This Trick Will Change The Way You Look At Your Business
Content was originally published on Inc.com on March 26, 2019.
I recently shared the idea of the business coaching concept of the six hats from the late Dr. de Bono with our readership and I wanted to go into more detail about the first hat in the series: The White Hat. This hat is often one of the first hats that you will put on when making a major decision or trying to scale your business.
What Is A Hat?
A “hat” is not a physical piece of clothing, but a state of mind. It is a tool that can be used to push the boundaries of thinking and help you grow as a group and as leaders. You can think of a hat discussion as a movement, NOT an argument. It’s not about asking questions like: “Is this correct? Do I agree/disagree?” Instead ask yourself: “Where does this idea take us?”
White Hat: The Professor or Thinker Mode
When it comes to this hat you want to focus exclusively on the objective facts, information and data WITHOUT any interpretation or “story”. We often ask mastermind group members to compile their white hat facts prior to a meeting and then share their data with the group beforehand, with no further explanation.
Questions to Ask While Wearing a White Hat:
- What information do we have?
- What information do we need?
- What information are we missing?
- How can we find that information?
- What questions would be useful to ask?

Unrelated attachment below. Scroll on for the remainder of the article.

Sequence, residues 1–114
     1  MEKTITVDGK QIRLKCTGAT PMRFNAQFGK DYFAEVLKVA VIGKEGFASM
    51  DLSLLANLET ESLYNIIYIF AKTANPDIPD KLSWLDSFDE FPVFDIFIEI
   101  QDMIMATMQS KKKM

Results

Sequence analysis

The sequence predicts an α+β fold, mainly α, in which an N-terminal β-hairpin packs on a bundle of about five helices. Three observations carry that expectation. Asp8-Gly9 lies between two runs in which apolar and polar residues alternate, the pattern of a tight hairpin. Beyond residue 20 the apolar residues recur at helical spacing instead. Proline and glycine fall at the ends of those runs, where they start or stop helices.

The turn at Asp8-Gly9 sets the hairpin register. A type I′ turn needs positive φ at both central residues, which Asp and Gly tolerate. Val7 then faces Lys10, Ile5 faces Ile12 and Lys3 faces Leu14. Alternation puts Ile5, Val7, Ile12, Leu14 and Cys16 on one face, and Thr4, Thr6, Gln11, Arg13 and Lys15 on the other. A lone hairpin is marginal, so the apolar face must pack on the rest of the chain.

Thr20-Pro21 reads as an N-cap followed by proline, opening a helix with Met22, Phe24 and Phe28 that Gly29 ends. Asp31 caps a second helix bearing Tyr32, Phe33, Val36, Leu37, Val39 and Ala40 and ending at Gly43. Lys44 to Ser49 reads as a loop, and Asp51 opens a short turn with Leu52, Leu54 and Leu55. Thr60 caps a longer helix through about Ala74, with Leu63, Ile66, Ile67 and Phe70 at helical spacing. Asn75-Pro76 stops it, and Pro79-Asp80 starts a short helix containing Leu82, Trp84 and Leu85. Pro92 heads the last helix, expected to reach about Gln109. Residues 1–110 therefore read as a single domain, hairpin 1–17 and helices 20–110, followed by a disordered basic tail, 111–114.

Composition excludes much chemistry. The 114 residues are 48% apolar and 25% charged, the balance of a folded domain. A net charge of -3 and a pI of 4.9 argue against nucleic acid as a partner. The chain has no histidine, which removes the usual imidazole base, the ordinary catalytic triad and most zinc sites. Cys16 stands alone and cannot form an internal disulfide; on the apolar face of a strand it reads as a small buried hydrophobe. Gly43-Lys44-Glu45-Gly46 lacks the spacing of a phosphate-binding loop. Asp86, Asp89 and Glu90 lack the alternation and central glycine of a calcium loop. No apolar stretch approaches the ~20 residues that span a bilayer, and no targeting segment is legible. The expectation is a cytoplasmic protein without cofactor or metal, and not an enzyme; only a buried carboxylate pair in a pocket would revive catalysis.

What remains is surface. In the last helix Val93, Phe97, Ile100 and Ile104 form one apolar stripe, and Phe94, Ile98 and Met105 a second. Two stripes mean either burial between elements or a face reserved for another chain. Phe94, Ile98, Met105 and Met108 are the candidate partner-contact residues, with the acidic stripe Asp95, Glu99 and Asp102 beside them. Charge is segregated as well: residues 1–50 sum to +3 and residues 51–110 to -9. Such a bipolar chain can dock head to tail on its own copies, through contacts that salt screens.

- What are the facts as we know them?
- How do we know these “facts”? Are they really facts?
Key Descriptive Phrases To Help Explain The Process:
- Rigorous thinking
- Laying out the known facts
- Mapping out the physical landmarks
- Asking the right questions
Believed Facts Versus Confirmed Facts
One of the things that you need to be really careful about when wearing the white hat during a discussion is the idea of believed facts versus confirmed facts. We often get the two confused, so it is important that you are able to back up anything that you find during the white hat discussion with concrete numbers.
For instance, let’s say that you were doing a new calling campaign and one of your sales representatives shared their belief that the new list was full of wrong numbers. But after some research into the calling statistics it was found that there were less than five percent wrong numbers across the entire database list. Your “belief” as compared to the confirmed fact would lead you to make a very different decision about whether or not to continue the calling campaign.
Before we act on any “believed fact” that could be crucial to outcome, make sure to confirm the data.
Model White Hatters:
These are some of my favorite white hat thinkers.
- Sergeant Friday (“just the facts mam”)
- Big data
These model white hatters give you the facts and nothing else, and allow you to put on a different hat to make a decision about it’s impact on your business and mastermind group.
Which leads us to the red hat….